Life on a Mississippi steamboat is about leisure for the passengers. There are refreshments in the forward lounge, and tables for cards and jigsaw puzzles. The three upper of the boat’s four decks have wide areas outside the cabins, providing ample space for promenades and rocking chairs. After-dinner entertainment is provided in the Orleans room with dining tables moved and chairs set up, or in the Texas bar two decks up.
The boat operates with two crews, one for hotel services and the other to operate the vessel. Watches are, as on towboats, six on and six off. The forward watch runs from 0530 to 1130 and 1730 to 2330, with the after watch taking the alternate hours.
On this trip, First Assistant Engineer Richard Ekstrom took the forward watch in the engine room, and Second Assistant Engineer Al Oswald took the after watch. Chief Engineer Jeff Smith, like Muirhead, is on call and works as required. When the boat was four hours out of New Orleans and making about 8 miles per hour upriver, Oswald relieved Ekstrom.
The boilers on Delta Queen are located forward in the 11.5-foot molded depth of the vessel’s 250-by-44-foot hull and extend up into the main deck. (With the paddle wheel, the hull is 285 feet long.) The boiler and engine rooms are separated by crew’s quarters under the main deck dining room and galley. The steam is piped through this area to the engines located just ahead of the paddle wheel.
While headed upriver, the engine room is a wonderfully quiet place. Even the diesel-powered generators are located forward with the boilers. The lower part of the engine room contains steam-operated auxiliary pumps, a steam-turbine electrical generator, and the condenser and hot-water circulating pump. Mounted on the deck above is the horizontal double-acting compound steam engine with Western-river-style lever-operated valve gear. The two huge cylinders are set fore and aft, one on each side, to align with the side of the paddle wheel.
The starboard high-pressure piston has a 26-inch diameter with a 10-foot stroke and receives the steam first. A crossover pipe takes the steam expelled from the primary piston under the deck to the secondary, or low-pressure, piston on the port side. This piston has a 52-inch diameter and the same 10-foot stroke. In normal operation, the steam in the high-pressure cylinder is at 90 to 180 pounds per square inch and 15 to 20 psi in the low-pressure cylinder.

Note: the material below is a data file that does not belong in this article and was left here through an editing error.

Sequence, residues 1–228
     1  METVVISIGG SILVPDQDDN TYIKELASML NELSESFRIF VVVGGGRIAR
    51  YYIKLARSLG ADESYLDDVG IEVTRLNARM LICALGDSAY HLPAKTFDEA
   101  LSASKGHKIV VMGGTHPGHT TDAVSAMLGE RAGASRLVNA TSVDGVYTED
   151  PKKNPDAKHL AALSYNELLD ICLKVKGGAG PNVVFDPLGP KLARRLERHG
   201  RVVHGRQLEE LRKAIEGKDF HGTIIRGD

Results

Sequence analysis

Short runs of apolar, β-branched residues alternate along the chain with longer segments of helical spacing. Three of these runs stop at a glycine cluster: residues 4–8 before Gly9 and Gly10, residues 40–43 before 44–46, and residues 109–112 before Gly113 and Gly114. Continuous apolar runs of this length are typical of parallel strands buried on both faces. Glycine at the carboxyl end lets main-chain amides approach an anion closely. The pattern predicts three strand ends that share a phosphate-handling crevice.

At cruising speed, the engine turns the wheel at a stately 12 rpm. Muirhead explained that above Memphis they increase to 14 rpm, as “the hill is steeper from there to Cairo.”
The 44-ton paddle wheel, painted a classic bright red, is 19 feet wide and 28 feet in diameter. Reportedly it has reached over 20 rpm in races, but at 0430 while making 7 or 8 miles per hour on the way to the Oak Alley Plantation, the engine room was a place of elegant serenity.
Sitting at his desk between the two great cylinders, Oswald, the young second assistant engineer, watched as oiler Ronnie “Soul” Anderson topped up the brass oilers on the 40-foot-long 10-ton wooden pitman arms. He smiled with pride and satisfaction. “I am like a freak of nature,” he said. “I came out of school in 1989 in New Jersey, and I’ve been on steam ever since, except for maybe five months on diesel boats.”
Oswald went on to describe a wide range of steam-powered vessels on which he has served, from the coal-fired Great Lakes ferry Badger to the twin-turbine USS Shreveport and the triple-expansion cement carrier S.T. Crapo and the 120,000-shaft-hp 946-foot 55,355-ton-displacement fast-deployment logistics ship that could do 33 knots and “sucked oil like an alcoholic locked in a liquor store.”
These days the 33-year-old Oswald prefers something steady, and Delta Queen is, in every sense of the word. A half hour before the watch’s 0530 relief, the watch pilot Capt. Mike Swigert rang the brass telegraph for slow ahead. Oswald moved to the control wheel located on a vertical shaft. Ringing confirmation to the bridge, he turned the control wheel to reduce the steam to the engine. Forward in the boiler room, the fireman watched a telegraph monitor and reduced the fire to match the command.
Muirhead’s voice came over the engine room VHF monitor, asking Swigert for a hard-left rudder and full assist from the bow thruster. The pitman arms were making their elegant slide to turn the big paddle wheel at 3 rpm. Over the next 20 minutes or so, the telegraph rang a dozen or more changes as Muirhead’s voice gave directions from the bridge wing to the pilot to work the vessel’s bow into the levee and secure it.